I Paid: $15.99 for a large (14-inch) pizza (prices may vary by region)
Here is what a one means for marketing: the idea of a fast-food pizza laden with not one, but six different industrial meat products. It’s enough to make even a confirmed carnivore’s stomach churn. But for many people—including, certainly, many Papa John’s customers—the idea is intriguing, and appealing, and challenging. “I bet I could handle six meats on my pizza,” these customers might think. “I’d kick that pizza’s ass.” For them, this is a killer marketing campaign, a compelling reason to order the pizza, a solid four out of five. But speaking personally, and on behalf of levelheaded consumers everywhere, the idea is straight-up chilling, if not actually nauseating.
Also worth noting: The 6 Meat Pizza is one meat better than Pizza Hut’s so-called Meat Lover’s Pizza. I guess we know who really loves meat now, don’t we?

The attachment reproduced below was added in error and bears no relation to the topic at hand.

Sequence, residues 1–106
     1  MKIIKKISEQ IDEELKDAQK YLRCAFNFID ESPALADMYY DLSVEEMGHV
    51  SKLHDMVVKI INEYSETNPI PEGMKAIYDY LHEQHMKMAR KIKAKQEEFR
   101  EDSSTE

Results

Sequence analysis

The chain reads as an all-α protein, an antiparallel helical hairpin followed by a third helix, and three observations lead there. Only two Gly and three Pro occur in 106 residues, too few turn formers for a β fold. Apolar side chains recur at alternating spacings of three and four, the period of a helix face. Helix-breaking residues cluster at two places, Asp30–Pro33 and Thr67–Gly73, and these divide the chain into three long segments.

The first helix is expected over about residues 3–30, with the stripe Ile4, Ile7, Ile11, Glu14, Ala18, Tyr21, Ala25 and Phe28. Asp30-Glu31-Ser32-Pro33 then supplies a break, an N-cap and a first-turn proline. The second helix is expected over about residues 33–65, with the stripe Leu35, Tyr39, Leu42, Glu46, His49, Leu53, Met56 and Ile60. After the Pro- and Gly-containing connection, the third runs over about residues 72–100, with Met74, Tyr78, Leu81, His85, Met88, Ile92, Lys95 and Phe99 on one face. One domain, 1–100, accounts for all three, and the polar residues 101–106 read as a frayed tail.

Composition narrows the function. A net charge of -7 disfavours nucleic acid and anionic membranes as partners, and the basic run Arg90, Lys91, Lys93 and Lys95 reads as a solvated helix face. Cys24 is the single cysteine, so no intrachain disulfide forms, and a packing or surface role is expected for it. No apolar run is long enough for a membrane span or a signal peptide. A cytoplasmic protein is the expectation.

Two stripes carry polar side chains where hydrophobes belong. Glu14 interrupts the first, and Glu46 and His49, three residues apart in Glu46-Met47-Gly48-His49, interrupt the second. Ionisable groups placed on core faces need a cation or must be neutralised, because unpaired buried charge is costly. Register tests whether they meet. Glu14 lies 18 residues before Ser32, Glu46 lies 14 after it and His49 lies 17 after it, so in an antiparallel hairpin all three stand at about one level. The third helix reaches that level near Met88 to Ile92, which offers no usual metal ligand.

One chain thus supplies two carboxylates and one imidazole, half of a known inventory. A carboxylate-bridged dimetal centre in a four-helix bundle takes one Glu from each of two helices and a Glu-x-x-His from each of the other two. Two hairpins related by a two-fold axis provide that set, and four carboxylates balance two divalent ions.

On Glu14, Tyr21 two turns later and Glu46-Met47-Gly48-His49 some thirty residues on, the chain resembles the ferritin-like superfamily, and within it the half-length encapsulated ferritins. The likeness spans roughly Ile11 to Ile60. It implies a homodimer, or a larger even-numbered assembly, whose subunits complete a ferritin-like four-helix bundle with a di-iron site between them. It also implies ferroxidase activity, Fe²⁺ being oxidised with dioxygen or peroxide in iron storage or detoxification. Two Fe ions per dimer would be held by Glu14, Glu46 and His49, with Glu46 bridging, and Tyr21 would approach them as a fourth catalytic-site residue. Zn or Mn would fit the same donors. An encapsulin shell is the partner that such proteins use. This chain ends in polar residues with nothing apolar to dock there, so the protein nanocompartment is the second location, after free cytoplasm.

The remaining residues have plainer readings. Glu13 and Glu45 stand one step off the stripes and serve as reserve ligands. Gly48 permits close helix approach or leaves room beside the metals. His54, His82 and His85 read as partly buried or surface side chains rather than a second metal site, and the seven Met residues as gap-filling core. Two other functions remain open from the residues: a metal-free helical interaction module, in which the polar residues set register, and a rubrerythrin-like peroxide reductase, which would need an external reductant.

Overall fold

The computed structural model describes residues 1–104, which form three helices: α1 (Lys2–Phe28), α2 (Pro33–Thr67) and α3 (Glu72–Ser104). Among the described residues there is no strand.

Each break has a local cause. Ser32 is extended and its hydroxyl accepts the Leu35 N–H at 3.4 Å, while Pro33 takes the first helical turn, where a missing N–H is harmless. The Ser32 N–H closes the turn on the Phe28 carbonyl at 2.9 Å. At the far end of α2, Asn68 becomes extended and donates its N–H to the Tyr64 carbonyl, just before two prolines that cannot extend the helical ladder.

Onward to taste. There are many, many pizza joints in America that are better than the middlebrow Papa John’s. But for an affordable mass-market pie, the quality of the six-meat experience blows admittedly low expectations out of the water. For starters, you can actually differentiate at least five of the six meats, which is about two to three more than you might expect. The mozzarella lacks the stretch and rich flavor of premium cheese, but it’s nowhere near the worst I’ve had: It still has a decent mouthfeel and some milky flavor. The meat is again not premium charcuterie, but it’s better than Domino’s. The bacon lacked any satisfying bacon texture but had a nice smoky flavor. The overall salt level was appropriate; the pizza was not a salt/grease bomb.
If you’re the type of person who might order a 6 Meat Pizza from Papa John’s, you will dig the 6 Meat Pizza. If not, well, you’ve probably got your nutritional priorities in the right place; tune in next week, when my editor will no doubt let me review something healthier and more sophisticated.